Stalin was quoted as saying: “Quantity has a quality all its own.” Russia has a far bigger population than Ukraine: Will that make a critical difference to the Ukraine war over the long term?

It is believed that up to 300,000 new recruits are being sent to the frontline, with tens of thousands more on the way. Because quantity does matter, that is not trivial.

There is not much that can be said of the situation of Russian soldiers when they are mostly from ethnic and sectarian minorities in the Russian Federation.

The Ukrainians have demonstrated that they are able to learn how to use new weapons systems and vehicles quickly, and get back to the fight, more quickly than anyone anticipated.

I know that it’s easier to second-guess from the outside than to make tough decisions in office, even though I sat at the West Wing’s Situation Room table. I’d like to see us provide more capabilities, such as advanced drones, fighter planes, and air defense and counter-drone capabilities, sooner rather than later.

Ukraine will have to transition from Eastern bloc aircraft to western ones eventually. There just aren’t any more MiGs to provide to them, and they reportedly have more pilots than aircraft at this point.

So, we might as well begin the process of transition, noting that it will take a number of months, regardless, to train pilots and maintenance personnel. All that said, again, I think the Administration has done a very impressive job and proven to be the indispensable nation in this particular situation – with important ramifications for other situations around the world.

Source: https://www.cnn.com/2023/02/14/opinions/petraeus-how-ukraine-war-ends-bergen-ctpr/index.html

What Russia can do with mercenaries in war? The case of the Moskva, a giant black hole invasion by the Chinese

The force that Putin sends into the toughest battles is the quasi-private one called the Wagner Group. Any thoughts on using mercenaries, many of whom are convicts, as a tactic?

Petraeus: What Russia has done with what are, in essence, mercenaries, as you note, is somewhat innovative – but also essentially inhumane, as it entails throwing soldiers (many of them former convicts) into battle as cannon fodder, and with little, if any, concern for their survival.

These are not the tactics or practices that, at the end of the day, foster development of well-trained, disciplined, capable, and cohesive units that have trust in their leaders and soldiers on their left and right.

Bergen: What are the lessons of Ukraine for the Chinese if they were to stage an invasion of Taiwan, which would not be over a neighboring land border but over a 100-mile body of water? The Moskva, the flagship of Russia’s Black Sea navy, was sunk. Does it affect how the Chinese think about this question?

And especially if the target of such an operation has a population willing to fight fiercely for its survival and be supported by major powers – not just militarily but with substantial economic, financial, and personal sanctions and export controls.

Petraeus: I think it is. This is the first war in which social media and phones have been widely available, and employed. The result is unprecedented transparency and an extraordinary amount of information available – all through so-called “open sources.”

Source: https://www.cnn.com/2023/02/14/opinions/petraeus-how-ukraine-war-ends-bergen-ctpr/index.html

How Does The War in Ukraine End? (Revisited version of Bergen’s “The Battle for the Cold War” by Rob Biden and Kamala Harris)

Despite the limitations of the professional capabilities of the Russian forces and their demonstrated inability to generate “combined arms effect”, there does not seem to be a particularly innovative new plan.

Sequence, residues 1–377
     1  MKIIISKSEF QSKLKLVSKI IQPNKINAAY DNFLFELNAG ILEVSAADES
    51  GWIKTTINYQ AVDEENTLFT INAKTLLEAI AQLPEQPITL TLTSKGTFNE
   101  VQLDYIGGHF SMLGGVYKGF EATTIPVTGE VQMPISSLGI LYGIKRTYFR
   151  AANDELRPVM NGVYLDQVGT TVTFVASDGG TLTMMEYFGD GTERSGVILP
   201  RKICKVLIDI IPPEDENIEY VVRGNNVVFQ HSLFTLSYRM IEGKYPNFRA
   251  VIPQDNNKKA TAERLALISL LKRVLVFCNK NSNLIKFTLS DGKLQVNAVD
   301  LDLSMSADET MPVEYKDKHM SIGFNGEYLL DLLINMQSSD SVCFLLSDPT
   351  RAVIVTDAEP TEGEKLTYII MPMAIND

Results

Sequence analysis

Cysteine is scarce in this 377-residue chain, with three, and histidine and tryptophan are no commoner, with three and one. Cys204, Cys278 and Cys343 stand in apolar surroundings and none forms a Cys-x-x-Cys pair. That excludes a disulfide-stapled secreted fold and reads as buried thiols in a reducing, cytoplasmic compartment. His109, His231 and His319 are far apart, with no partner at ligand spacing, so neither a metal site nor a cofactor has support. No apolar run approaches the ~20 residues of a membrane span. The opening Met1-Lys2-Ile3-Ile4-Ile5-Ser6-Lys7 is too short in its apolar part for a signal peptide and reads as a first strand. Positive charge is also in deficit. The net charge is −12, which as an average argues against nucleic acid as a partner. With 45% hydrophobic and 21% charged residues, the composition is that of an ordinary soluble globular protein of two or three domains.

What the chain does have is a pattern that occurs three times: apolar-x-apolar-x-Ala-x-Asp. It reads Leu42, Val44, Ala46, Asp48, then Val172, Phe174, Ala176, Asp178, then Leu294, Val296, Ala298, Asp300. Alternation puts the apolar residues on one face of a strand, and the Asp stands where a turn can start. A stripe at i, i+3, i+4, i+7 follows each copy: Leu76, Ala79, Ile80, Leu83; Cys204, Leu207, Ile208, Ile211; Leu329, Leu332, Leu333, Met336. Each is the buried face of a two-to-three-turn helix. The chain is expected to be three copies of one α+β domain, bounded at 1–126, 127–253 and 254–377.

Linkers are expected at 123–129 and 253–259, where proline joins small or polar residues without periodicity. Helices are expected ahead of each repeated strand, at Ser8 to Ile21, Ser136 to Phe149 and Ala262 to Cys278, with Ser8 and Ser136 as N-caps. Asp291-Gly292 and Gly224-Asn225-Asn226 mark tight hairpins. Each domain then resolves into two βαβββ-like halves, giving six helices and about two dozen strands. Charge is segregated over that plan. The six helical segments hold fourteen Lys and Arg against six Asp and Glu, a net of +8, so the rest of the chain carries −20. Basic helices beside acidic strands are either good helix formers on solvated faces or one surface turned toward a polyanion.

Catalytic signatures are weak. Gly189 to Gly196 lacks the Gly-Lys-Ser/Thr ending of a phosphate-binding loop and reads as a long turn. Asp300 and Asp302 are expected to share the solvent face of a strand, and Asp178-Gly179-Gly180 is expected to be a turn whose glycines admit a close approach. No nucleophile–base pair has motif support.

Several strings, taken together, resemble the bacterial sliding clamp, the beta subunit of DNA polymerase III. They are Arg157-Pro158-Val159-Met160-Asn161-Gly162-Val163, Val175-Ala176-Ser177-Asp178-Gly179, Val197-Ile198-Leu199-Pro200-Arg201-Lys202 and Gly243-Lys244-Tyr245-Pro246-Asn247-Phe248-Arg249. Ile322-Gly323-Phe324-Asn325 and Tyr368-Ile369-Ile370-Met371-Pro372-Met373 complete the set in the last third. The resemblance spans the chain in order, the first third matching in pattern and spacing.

Bergen: In 2003, at the beginning of the Iraq War, you famously asked a rhetorical question: “Tell me how this ends?” How does the war in Ukraine end?

Also when Ukraine has reached the limits of its ability to resist missiles and drones, getting a Marshall-like plan developed by the US and G7 to help reconstruct the country, and getting an ironclad security guarantee from either NATO or a US-led alliance.

Ahead of next week’s anniversary of the Russian invasion, US and Western leaders are gearing up for a show of unity and strength designed to establish once and for all that NATO is in the conflict for the long haul and until Moscow’s defeat.

The Western rhetorical and diplomatic offensive will ratchet up further as Vice President Kamala Harris heads to the Munich Security Conference this week. President Joe Biden will meanwhile visit Poland and a frontline NATO and ex-Warsaw pact state next week, bolstering his legacy of offering the most effective leadership of the Western alliance since the end of the Cold War.

How likely is China to agree to an end to the US-Russia war? A leading expert on Russia and the prospects for a new president

In the US House for instance, some members of the new Republican majority are skittish. Florida GOP Rep. Matt Gaetz last week demanded an end to aid to Ukraine and for the US to demand all combatants “reach a peace agreement immediately.” A bipartisan majority for saving Ukraine still exists in the House and the Senate. It is not certain whether Biden can guarantee aid packages for Ukraine for a long time. And US aid might be in serious doubt if ex-President Donald Trump or another Republican wins the 2024 election.

The outside world knows that Putin is not thinking of a defeat or exit from the war because there is no way to start a negotiation for a ceasefire.

Fiona Hill, a leading expert on Russia and Putin, who worked in Trump’s White House, said at a Senate Armed Services Committee hearing on Wednesday that there were few signs Putin’s determination is waning.

The prospect of China leaning on Putin for an end to the war was a far less likely scenario prior to the flight of a Chinese spy balloon across the US.

“You’re going to end up with an albatross around your neck,” Sherman said at an event at the Brookings Institution, though admitted the US was concerned about tightening ties between China and Russia at a time when it is locked in simultaneous showdowns with each power.